B-26 Marauder 320th Bomb Group

 

Memories of My Time With the 320th B.G. During WW II
by Donald Wilson Round, 444th Bomb Squadron

 

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Testing New Engines

 

Johnson and I took up an airplane for four hours to test its newly installed engines. Lt.'s. Burke, Pocan and, Demettree decided to tag along. Lt. Johnson decided to go down to the ocean and buzz the Officers Club. He then headed toward some tall brick smokestacks that were about 100 feet apart. The smokestacks had a cable connecting each at the top. He thought about flying between them, but upon realizing this he gave up and changed his mine. Lt. Burke wanted to fly so I crawled into the nose of the airplane, which is the bombardier's compartment. Lt. Burke decided to fly down a railroad track to see how close he could come to the trees and then headed up into the mountains. He buzzed a small town in the valley and headed up a steep mountain side. I looked back at Burke because I was not sure he would make it to the top. Lt. Burke just smiled at me. Then I saw the bombardierís airspeed indicator and we still were going 360 miles/hr at the top of mountain. It was my turn to fly. We were about 10,000 feet when the left engine stopped. I looked back and saw Burke smiling. I knew he had shut the gas off to the left engine so I trimmed the rudder of the airplane to take the pressure off my left foot. I did not feather the left engine I just let it windmill (let the air turn the prop and engine) so the right engine was pulling the whole airplane. I kept losing altitude to keep the air speed up. After we lost 2,000 feet I told Burke I was not going to feather the left engine till we lost another 2,000 feet so you might as well turn the gas back on the left engine. We all had a good time and at the end of the four hours we went back to the base.



Formation Flying.
This is part of a B-26 formation heading out.


Close Formation Practice

 

After I had been at the base about three months Colonel Fletcher decided that we needed more practice in flying close formation. He had all four squadrons flying when they would rather be doing something else. He told us to fly the airplanes much closer together. He had four ships flying almost underneath each other so the two groups of sixteen ships looked like one big group. The gunners had to be very careful when they fired the gun so they would not hit one of our own ships. This close flying paid off - the German fighters didn't like so much firepower directed at them. The formation was also harder for the German fighters to break up to attack one ship. It gave the group more protection.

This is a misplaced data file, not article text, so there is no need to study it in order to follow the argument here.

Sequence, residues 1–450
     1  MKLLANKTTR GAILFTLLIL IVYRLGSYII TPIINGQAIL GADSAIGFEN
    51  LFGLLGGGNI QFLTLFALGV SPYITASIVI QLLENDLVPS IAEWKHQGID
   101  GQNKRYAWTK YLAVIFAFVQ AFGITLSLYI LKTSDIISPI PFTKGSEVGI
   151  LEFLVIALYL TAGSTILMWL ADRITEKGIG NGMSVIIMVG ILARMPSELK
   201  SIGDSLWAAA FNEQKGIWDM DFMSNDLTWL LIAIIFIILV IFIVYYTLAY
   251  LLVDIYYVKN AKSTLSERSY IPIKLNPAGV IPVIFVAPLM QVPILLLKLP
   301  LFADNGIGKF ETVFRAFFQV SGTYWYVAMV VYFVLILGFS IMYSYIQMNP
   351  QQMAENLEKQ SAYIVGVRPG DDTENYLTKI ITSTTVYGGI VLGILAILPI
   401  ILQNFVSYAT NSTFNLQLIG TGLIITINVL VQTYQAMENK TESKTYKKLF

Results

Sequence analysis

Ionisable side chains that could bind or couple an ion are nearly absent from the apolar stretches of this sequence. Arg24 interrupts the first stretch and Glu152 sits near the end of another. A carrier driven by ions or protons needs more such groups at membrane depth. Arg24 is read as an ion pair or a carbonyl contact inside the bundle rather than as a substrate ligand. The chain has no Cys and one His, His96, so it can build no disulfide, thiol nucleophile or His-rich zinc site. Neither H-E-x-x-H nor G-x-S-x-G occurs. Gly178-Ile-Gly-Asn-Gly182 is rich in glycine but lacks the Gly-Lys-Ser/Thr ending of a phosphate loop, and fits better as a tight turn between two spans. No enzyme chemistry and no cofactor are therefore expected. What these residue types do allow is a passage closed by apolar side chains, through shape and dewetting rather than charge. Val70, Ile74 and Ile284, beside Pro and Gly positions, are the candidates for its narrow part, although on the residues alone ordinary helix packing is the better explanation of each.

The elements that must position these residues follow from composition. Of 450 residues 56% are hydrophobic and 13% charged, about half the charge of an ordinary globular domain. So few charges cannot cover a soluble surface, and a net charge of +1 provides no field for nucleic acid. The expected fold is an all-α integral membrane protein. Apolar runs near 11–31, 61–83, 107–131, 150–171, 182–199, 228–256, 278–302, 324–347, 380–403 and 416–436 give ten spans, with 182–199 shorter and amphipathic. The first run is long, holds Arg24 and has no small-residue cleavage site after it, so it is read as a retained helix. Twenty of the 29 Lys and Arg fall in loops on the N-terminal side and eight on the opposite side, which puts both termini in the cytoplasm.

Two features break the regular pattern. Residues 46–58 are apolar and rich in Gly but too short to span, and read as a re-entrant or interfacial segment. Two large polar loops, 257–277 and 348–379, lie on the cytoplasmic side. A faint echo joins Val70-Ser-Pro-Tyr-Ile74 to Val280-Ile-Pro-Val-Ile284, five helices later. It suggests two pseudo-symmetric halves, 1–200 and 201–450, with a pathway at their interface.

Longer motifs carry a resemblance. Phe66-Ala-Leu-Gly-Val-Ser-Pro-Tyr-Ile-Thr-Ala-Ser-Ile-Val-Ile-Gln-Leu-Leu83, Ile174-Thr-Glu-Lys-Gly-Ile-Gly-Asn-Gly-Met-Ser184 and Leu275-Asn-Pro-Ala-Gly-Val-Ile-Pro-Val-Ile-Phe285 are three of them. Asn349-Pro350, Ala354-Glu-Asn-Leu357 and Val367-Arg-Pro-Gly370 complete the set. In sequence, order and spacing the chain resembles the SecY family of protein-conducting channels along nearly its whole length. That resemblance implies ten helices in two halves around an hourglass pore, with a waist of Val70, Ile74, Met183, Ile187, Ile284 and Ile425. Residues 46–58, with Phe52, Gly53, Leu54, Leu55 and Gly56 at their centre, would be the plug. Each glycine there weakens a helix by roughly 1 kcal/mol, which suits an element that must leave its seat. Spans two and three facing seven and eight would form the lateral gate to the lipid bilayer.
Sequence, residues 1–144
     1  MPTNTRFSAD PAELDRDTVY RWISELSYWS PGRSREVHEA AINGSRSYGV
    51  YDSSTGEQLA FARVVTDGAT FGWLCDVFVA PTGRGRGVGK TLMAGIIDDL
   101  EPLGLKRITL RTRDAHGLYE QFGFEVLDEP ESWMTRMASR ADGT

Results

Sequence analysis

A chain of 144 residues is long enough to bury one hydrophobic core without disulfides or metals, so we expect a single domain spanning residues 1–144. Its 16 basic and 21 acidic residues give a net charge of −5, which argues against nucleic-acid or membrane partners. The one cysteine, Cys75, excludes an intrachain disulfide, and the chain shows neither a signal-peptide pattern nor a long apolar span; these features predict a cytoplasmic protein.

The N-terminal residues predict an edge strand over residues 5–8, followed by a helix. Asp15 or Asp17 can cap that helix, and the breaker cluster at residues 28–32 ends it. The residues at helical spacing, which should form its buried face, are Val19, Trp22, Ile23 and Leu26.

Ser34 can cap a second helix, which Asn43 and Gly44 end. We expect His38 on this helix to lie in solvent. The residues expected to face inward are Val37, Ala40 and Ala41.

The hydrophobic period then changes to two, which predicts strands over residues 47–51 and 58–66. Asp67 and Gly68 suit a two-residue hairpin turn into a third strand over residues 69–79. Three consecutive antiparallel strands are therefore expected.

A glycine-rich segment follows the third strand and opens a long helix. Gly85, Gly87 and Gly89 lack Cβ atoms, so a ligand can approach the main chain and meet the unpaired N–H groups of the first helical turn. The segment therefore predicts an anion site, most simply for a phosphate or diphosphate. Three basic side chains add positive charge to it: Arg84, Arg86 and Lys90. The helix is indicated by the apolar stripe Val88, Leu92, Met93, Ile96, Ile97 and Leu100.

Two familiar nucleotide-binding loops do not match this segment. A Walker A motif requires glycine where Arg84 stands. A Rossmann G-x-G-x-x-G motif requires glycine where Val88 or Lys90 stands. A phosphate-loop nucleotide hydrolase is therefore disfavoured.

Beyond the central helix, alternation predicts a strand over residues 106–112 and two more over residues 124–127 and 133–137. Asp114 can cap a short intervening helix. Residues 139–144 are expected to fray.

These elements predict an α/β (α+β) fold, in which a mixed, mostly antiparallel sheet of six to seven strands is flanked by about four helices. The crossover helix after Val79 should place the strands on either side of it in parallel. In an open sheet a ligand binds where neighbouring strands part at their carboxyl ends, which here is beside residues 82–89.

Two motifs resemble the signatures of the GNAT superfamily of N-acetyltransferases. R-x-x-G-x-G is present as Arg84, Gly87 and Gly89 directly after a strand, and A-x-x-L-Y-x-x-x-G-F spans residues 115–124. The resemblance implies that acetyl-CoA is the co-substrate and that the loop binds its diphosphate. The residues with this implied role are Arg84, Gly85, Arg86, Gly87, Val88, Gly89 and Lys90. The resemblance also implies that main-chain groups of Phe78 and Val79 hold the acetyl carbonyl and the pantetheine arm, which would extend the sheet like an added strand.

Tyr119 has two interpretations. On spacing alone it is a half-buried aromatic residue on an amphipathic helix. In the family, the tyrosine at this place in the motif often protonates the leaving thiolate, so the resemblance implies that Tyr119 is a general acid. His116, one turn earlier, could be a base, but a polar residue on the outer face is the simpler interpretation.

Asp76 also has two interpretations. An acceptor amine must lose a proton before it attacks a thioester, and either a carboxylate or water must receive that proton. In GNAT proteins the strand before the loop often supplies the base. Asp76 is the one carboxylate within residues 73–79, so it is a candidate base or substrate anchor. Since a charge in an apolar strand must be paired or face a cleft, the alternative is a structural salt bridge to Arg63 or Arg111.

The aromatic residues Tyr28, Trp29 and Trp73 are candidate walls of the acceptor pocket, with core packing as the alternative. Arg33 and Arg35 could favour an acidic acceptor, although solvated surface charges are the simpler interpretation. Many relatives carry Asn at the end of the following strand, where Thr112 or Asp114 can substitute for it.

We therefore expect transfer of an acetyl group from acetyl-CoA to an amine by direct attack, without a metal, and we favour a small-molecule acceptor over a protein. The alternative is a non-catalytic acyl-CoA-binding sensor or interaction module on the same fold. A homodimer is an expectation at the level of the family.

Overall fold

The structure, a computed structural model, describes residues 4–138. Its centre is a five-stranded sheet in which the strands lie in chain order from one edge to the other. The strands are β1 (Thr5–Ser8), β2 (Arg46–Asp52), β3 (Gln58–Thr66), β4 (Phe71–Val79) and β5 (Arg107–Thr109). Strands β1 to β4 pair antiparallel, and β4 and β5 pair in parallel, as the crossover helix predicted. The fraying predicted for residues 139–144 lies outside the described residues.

Three ship Take Offs

 

We did not practice three ship formation take offs. We just started doing them. We took our positions to the right or left of the lead ship and when we started down the runway we never took our eyes off the lead ship. As soon as the three ships were in the air the next three ships took off. The three ship takeoffs allowed the whole group to form up and head out fast. This resulted in gasoline savings and an increase in range of 70 miles. Our group, the 320-bomber group, used three ship takeoffs while the 319-bomber group which was also at our base used six ship take offs.



"Cindy", a famous 444th ship.
Everybody liked to fly her.


The Castle

 

As we were flying around Sardinia we could see some ruins of an old castle from the air. The old castle was not very far away from the base. Lt. Johnson, Lt. Pocan, and I decided to go see it. The Transportation officer had a jeep we could use so we gathered up all the gun shells we could find and then took off. I think when the 444th moved from North Africa to Sardinia they loaded all the guns, shells, motorcycles and everything else they could get their hands on, and took it with them to Sardinia. Anytime someone went to North Africa, they brought something back in their airplane.

We drove the jeep about a half-mile from the castle and then climbed up a small hill to the castle. The castle was not very much, just four walls. I think the owner in the old days must not have had much rank. We got a lot of practice with our guns although there was not much to shoot at. On the way back we got the jeep stuck in a little creek so we got our feet wet getting the jeep back to dry land.(Continued)


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